Objectives: Heart rate (HR) has been associated with cardiovascular (CV) risk factors and with CV mortality. Trends in CV risk factors have been described in recent decades, but HR changes over time have been less studied. We thus aimed to examine the secular trends in HR and interrelationships between HR and traditional CV risk factors and mortality.
Methods: We studied 226,288 consecutive participants (141,533 men and 84,755 women) aged 44.7 ± 12.7 years who had a free standard health check up, between 1992 and 2007. Each had resting HR measured systematically on a 10-cycle electrocardiogram, and assessment of lipoproteins, blood pressure, smoking, glycemic status, body mass index, and physical activity. Sex-specific trends in mean HR were estimated by a general linear model adjusted for traditional CV risk factors and CV treatment. In that model, year was considered as a continuous variable.
Results: Crude mean HR decreased over the study period (from 68.9 ± 10.4 to 63.7 ± 9.0 beats/min in men; from 72.2 ± 10.3 to 65.2 ± 9.0 beats/min in women; p < 0.001 for both). The amplitude of the HR decrease was similar after full adjustment and across the pre-cited risk factors categories. On multivariate analysis, higher HR (≥ 80 beats/min vs. <60 beats/min) was associated with higher mortality rate over 5 years in men (hazard ratio 2.11, 95% CI 1.79-2.49) and women (hazard ratio 1.58, 95% CI 1.16-2.15).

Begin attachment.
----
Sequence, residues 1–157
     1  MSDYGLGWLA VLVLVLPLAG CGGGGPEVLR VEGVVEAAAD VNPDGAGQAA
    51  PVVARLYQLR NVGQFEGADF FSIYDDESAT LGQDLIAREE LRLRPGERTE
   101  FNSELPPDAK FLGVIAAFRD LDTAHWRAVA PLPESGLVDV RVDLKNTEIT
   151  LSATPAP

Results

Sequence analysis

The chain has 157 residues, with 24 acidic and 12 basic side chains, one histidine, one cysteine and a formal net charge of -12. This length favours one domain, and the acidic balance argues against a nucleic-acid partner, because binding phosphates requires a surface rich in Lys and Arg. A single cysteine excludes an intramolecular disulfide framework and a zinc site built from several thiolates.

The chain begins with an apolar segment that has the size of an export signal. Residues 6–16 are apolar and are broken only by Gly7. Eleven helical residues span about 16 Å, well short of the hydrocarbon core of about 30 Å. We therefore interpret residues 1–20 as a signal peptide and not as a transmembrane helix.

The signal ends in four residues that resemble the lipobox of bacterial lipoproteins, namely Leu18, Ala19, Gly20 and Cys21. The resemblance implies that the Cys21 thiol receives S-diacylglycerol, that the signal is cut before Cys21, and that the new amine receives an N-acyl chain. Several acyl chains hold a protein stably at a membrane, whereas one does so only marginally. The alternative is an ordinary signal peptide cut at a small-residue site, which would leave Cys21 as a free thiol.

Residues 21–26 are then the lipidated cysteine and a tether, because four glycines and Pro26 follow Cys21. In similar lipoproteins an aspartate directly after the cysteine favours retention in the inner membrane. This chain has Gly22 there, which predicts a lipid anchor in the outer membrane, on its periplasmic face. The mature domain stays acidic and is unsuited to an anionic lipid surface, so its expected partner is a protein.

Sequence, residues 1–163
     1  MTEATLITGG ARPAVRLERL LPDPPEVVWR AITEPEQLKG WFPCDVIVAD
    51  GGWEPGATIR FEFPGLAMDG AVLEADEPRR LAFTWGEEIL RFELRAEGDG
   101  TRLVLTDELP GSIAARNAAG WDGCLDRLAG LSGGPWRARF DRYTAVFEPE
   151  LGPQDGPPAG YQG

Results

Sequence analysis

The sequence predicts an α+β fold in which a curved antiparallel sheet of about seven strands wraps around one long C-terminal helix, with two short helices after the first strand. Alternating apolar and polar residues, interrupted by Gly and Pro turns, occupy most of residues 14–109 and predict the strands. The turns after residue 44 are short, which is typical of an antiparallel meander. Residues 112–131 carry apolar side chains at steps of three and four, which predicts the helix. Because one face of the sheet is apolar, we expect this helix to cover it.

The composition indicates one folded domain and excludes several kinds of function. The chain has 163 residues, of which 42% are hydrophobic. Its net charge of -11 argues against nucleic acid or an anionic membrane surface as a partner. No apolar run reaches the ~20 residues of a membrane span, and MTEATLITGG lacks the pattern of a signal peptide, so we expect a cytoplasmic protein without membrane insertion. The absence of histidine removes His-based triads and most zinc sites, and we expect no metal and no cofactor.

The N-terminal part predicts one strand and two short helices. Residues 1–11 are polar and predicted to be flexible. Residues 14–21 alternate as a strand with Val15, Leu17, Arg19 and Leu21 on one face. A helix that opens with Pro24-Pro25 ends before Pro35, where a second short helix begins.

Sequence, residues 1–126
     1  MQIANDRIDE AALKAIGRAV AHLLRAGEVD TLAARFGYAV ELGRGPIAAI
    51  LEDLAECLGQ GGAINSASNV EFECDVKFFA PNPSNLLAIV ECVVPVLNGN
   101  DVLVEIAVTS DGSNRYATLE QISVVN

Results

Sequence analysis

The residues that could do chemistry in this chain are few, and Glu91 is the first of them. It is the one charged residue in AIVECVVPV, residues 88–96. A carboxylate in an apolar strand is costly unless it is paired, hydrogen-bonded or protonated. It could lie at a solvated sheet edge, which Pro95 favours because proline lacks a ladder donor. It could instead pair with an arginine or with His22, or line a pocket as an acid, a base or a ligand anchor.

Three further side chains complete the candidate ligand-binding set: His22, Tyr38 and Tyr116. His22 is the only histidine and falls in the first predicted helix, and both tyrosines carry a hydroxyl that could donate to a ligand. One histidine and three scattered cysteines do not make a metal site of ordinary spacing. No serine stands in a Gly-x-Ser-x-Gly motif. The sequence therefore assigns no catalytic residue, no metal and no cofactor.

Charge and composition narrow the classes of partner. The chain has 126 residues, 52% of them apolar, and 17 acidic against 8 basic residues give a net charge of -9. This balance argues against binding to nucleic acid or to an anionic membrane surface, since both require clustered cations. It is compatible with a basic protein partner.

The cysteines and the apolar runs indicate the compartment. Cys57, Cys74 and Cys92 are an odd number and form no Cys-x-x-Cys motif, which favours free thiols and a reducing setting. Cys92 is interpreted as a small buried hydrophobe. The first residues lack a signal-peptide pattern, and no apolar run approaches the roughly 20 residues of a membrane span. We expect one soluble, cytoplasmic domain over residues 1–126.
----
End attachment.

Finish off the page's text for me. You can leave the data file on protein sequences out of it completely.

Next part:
Conclusion: In this large population-based study of 226,288 middle-aged participants, heart rate declined over 16 years independently of traditional CV risk factors.